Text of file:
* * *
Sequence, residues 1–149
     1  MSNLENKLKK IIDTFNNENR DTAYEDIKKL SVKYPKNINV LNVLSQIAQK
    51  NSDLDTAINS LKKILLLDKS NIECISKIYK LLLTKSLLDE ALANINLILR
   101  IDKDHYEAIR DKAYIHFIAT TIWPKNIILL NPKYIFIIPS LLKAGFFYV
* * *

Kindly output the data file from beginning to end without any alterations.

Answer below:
Sequence, residues 1–149
     1  MSNLENKLKK IIDTFNNENR DTAYEDIKKL SVKYPKNINV LNVLSQIAQK
    51  NSDLDTAINS LKKILLLDKS NIECISKIYK LLLTKSLLDE ALANINLILR
   101  IDKDHYEAIR DKAYIHFIAT TIWPKNIILL NPKYIFIIPS LLKAGFFYV